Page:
The emphasis to date has been on copyright, but it is about more than just copyright. From the SOPA protests in the United States that successfully stopped dangerous legislation to the anti-ACTA protests in Europe that led tens of thousands to take to the streets to the Canadian fight against Bill C-11′s digital lock rules and potential incorporation of SOPA-style amendments, Internet users are reacting to efforts to impose restrictions on privacy, free speech, and consumer rights by fighting back.
Yesterday’s Twitter-based #tellviceverything was the perfect illustration for how the Internet can fuel awareness and action at remarkable speed. Through thousands of tweets, Canadians used humour to send a strong message that the government has overstepped with Bill C-30 (my favourite remains @kevinharding’s Hey @ToewsVic, I lost an email from my work account yesterday. Can I get your copy?). Alongside the Twitter activity are dedicated websites, hundreds of blog postings from commentators on the left and right of the political spectrum, thousands of calls and letters to MPs, and nearly 100,000 signatures on the Stop Spying petition at Open Media.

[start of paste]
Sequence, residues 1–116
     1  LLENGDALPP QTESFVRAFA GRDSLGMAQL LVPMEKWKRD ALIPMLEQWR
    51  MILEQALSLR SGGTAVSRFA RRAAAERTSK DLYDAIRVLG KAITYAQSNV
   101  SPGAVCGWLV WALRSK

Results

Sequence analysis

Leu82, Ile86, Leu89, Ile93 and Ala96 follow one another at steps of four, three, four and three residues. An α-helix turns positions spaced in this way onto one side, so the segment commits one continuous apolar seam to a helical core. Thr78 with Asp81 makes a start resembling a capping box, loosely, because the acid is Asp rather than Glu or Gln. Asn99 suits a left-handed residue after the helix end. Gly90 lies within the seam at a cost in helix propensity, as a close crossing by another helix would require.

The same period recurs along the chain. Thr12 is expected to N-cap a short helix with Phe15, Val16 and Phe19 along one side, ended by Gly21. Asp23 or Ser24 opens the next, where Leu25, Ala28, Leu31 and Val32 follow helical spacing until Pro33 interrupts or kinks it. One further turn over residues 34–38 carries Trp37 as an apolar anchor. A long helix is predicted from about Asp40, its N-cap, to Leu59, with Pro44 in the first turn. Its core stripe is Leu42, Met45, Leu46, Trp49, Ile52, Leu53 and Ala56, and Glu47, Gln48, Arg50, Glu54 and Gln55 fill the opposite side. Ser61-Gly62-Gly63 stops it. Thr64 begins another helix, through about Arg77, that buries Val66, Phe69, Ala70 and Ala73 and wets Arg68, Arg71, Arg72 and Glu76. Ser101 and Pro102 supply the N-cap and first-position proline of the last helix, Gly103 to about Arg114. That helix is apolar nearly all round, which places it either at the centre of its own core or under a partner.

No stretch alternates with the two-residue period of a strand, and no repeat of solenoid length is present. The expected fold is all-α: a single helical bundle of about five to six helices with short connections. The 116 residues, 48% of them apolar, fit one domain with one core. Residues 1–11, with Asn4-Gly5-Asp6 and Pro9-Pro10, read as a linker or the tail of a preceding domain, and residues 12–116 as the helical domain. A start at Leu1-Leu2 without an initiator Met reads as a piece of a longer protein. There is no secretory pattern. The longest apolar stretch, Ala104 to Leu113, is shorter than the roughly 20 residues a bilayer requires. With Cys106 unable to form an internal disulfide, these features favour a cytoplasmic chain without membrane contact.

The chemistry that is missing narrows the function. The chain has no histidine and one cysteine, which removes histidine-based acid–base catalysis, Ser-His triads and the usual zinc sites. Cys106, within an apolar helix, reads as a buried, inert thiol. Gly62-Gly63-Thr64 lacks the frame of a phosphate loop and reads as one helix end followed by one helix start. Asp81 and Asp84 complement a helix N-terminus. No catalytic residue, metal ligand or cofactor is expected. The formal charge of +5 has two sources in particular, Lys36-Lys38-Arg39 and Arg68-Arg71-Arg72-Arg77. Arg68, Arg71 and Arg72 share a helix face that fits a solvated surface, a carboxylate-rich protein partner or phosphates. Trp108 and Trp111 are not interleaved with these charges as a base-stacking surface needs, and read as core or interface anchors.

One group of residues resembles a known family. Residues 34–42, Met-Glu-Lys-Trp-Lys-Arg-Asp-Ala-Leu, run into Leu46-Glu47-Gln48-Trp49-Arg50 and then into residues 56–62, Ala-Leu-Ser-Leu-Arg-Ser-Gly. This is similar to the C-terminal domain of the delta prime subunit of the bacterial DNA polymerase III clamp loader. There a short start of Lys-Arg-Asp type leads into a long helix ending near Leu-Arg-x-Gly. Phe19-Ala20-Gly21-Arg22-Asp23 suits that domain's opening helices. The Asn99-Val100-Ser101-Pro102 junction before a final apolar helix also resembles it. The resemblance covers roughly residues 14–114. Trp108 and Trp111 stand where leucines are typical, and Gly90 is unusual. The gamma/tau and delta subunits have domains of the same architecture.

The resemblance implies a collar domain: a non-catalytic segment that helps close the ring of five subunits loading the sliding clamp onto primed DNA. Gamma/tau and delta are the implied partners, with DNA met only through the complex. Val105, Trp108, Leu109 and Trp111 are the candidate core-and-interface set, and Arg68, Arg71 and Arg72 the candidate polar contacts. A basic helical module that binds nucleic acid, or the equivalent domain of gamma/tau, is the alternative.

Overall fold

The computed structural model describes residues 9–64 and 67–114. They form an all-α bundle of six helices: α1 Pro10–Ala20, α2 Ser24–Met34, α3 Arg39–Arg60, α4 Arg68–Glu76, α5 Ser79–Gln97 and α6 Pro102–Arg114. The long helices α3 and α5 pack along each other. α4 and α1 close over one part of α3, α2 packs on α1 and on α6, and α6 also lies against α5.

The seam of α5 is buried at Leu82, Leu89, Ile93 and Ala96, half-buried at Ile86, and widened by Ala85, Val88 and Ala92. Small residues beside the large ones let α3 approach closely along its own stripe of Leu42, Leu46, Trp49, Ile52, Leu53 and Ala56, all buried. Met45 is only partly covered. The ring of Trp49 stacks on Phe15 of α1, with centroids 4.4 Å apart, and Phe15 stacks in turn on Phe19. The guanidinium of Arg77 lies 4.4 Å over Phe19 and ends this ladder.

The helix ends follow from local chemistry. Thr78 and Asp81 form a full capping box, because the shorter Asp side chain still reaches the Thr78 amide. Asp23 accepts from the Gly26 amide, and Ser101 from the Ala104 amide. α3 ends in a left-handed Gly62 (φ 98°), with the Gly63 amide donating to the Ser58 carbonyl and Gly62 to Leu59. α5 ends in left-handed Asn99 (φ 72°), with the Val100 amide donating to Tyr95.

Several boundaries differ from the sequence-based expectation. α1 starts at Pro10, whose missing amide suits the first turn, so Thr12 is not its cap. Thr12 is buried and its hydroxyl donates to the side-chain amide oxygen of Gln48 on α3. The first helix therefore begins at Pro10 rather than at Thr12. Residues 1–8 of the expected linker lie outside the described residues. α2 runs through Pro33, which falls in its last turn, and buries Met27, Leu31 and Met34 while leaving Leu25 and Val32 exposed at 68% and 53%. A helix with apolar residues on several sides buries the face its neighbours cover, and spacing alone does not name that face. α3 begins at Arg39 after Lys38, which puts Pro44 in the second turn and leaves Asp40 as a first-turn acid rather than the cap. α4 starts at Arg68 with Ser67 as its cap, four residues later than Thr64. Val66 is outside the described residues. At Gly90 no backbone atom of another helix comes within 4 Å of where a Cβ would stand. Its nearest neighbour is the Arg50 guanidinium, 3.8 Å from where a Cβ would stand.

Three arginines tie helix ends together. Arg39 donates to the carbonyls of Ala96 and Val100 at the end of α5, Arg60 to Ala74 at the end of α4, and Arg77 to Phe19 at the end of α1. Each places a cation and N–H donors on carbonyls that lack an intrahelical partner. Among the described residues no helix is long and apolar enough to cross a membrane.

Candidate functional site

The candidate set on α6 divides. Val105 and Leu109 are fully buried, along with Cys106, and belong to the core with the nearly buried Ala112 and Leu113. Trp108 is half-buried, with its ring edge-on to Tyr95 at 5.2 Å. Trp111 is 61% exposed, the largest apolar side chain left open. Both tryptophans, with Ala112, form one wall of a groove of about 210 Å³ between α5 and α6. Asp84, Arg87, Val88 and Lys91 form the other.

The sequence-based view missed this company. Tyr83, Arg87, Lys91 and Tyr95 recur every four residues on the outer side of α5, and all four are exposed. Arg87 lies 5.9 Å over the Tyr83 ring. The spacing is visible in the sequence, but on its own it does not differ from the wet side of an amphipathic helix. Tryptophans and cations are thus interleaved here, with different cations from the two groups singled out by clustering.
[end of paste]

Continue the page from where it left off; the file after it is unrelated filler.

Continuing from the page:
The numbers are also big on the copyright front in Canada. Nearly 50,000 have signed the No Internet Lockdown petition focused on copyright reform and more than that number have sent emails to MPs opposing the current digital lock rules in Bill C-11. Canadian Heritage Minister James Moore may defend the bill as rejecting American style approaches, but in light of the DMCA-like provisions on digital locks, those claims are no more credible that Toews’ assertions about lawful access.
Politicians and political parties have been anxious to tap the Internet as a funding source and as a platform to disseminate their message. Many have been slow to recognize that it is a two-way conversation, however. In recent weeks, Internet users – who are now the overwhelming majority of Canadians – have found their voice. It is informed, funny, and loud. As I wrote last week in the context of copyright, can you hear us now?